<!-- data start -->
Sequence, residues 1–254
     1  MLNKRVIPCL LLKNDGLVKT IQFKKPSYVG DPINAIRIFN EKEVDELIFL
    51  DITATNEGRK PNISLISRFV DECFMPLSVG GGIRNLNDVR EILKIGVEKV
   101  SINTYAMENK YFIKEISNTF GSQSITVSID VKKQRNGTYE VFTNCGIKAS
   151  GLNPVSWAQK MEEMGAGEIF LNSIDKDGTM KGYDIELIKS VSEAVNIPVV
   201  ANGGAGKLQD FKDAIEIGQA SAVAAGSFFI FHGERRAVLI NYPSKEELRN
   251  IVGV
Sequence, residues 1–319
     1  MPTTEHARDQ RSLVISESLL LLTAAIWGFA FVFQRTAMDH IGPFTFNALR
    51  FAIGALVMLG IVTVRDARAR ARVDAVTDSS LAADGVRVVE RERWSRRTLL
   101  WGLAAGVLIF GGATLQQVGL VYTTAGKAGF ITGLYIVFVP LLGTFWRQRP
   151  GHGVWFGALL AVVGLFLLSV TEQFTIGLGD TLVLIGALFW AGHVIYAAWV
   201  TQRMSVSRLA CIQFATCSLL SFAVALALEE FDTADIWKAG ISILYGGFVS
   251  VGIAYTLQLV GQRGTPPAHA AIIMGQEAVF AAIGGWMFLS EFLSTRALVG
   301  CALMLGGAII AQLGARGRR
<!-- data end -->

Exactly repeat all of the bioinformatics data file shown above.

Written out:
Sequence, residues 1–254
     1  MLNKRVIPCL LLKNDGLVKT IQFKKPSYVG DPINAIRIFN EKEVDELIFL
    51  DITATNEGRK PNISLISRFV DECFMPLSVG GGIRNLNDVR EILKIGVEKV
   101  SINTYAMENK YFIKEISNTF GSQSITVSID VKKQRNGTYE VFTNCGIKAS
   151  GLNPVSWAQK MEEMGAGEIF LNSIDKDGTM KGYDIELIKS VSEAVNIPVV
   201  ANGGAGKLQD FKDAIEIGQA SAVAAGSFFI FHGERRAVLI NYPSKEELRN
   251  IVGV
Sequence, residues 1–319
     1  MPTTEHARDQ RSLVISESLL LLTAAIWGFA FVFQRTAMDH IGPFTFNALR
    51  FAIGALVMLG IVTVRDARAR ARVDAVTDSS LAADGVRVVE RERWSRRTLL
   101  WGLAAGVLIF GGATLQQVGL VYTTAGKAGF ITGLYIVFVP LLGTFWRQRP
   151  GHGVWFGALL AVVGLFLLSV TEQFTIGLGD TLVLIGALFW AGHVIYAAWV
   201  TQRMSVSRLA CIQFATCSLL SFAVALALEE FDTADIWKAG ISILYGGFVS
   251  VGIAYTLQLV GQRGTPPAHA AIIMGQEAVF AAIGGWMFLS EFLSTRALVG
   301  CALMLGGAII AQLGARGRR